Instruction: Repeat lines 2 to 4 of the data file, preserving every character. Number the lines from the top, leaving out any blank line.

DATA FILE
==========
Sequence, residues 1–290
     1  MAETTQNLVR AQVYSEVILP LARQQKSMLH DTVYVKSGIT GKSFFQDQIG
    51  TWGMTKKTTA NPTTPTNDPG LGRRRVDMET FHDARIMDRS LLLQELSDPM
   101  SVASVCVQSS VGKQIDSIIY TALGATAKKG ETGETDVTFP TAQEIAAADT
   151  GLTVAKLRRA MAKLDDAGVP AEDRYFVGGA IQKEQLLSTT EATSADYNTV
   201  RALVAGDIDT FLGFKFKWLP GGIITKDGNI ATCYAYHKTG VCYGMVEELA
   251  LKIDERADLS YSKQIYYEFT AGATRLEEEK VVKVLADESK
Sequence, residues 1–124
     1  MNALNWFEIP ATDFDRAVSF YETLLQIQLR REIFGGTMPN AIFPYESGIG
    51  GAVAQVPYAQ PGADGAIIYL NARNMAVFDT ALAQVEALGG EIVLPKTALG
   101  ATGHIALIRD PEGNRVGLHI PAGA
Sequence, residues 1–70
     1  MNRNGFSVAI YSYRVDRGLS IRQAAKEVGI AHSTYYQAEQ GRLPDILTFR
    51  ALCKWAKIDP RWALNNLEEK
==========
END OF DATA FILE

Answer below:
     1  MAETTQNLVR AQVYSEVILP LARQQKSMLH DTVYVKSGIT GKSFFQDQIG
    51  TWGMTKKTTA NPTTPTNDPG LGRRRVDMET FHDARIMDRS LLLQELSDPM
   101  SVASVCVQSS VGKQIDSIIY TALGATAKKG ETGETDVTFP TAQEIAAADT